by Anthony Harrison

Rattle off some traditional Irish pub grub in your head.

You probably thought of fish and chips, bangers and mash or corned beef hash.

Not falafel and tabouli.

But, as strange as it is, that’s what I’m endorsing: falafel and tabouli from an Irish pub.

Middle Eastern cuisine has grown in popularity in this country and across the world for the past few decades, as evidenced by the endurance of restaurants like Greensboro’s Ghassan’s or Jack’s Corner.

Falafel especially gained favor as a protein-packed, vegetarian alternative to meat. And tabouli salad, while not as ubiquitous as the chickpea wonder, serves as a tasty and simple side dish.

It was mild and gloomy when I went to M’Coul’s Public House in Greensboro last week, and due to the weather, I was thinking about trying one of the traditional favorites. Something hearty might have sated the late-winter blues, I thought.

But as I sipped a Bell’s Two-Hearted IPA, M’Coul’s tabouli salad seemed like a good complement. And I figured if I was planning on a Levantine salad as my side, I might as well go whole-hog and order their falafel wrap.

Needless to say, no matter how counterintuitive, the Irish pub did not disappoint in delivering Middle Eastern flavors.

Their tabouli came in a tiny bowl, but it was surprisingly filling. Loads of chopped parsley and mint mingled with couscous and minced cucumbers. They even provided a wedge of lemon for a citrusy, Mediterranean top-off.

The falafel wrap, though, surprised me even further. On a bed of leaf lettuce, tomatoes and cucumbers, the falafel portion was tremendous. I wound up having to use a fork to finish the falafel after the warm, grilled pita had done its duty to the fullest.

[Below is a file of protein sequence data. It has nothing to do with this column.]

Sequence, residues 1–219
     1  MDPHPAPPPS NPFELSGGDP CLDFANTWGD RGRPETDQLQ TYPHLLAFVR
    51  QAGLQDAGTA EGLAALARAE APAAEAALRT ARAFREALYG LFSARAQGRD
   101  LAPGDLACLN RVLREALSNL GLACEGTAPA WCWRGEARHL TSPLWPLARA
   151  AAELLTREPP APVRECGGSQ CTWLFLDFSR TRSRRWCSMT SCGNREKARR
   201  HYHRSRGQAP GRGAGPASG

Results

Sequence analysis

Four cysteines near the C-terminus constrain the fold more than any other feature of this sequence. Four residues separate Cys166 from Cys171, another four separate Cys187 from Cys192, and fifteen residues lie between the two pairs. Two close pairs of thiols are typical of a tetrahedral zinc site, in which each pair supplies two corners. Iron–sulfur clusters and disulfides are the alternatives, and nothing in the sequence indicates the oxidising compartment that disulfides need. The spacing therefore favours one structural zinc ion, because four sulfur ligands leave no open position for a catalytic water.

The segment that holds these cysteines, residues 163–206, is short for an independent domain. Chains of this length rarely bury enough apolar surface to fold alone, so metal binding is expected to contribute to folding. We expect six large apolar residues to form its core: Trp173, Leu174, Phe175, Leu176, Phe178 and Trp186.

Aside from the portion size, the falafel was about as good as one could expect — savory, herbaceous and complex with a subtle cumin heat complemented by a spicy remoulade.

If you go to M’Coul’s, you may be tempted by all the traditional offerings. Granted, the shepherd’s pie is delicious, and the fish and chips are damn good.

But let me say, here and now: Try something unexpected, and you may find yourself pleasantly surprised.

Join the First Amendment Society, a membership that goes directly to funding TCB‘s newsroom.

We believe that reporting can save the world.

The TCB First Amendment Society recognizes the vital role of a free, unfettered press with a bundling of local experiences designed to build community, and unique engagements with our newsroom that will help you understand, and shape, local journalism’s critical role in uplifting the people in our cities.

All revenue goes directly into the newsroom as reporters’ salaries and freelance commissions.

⚡ Join The Society ⚡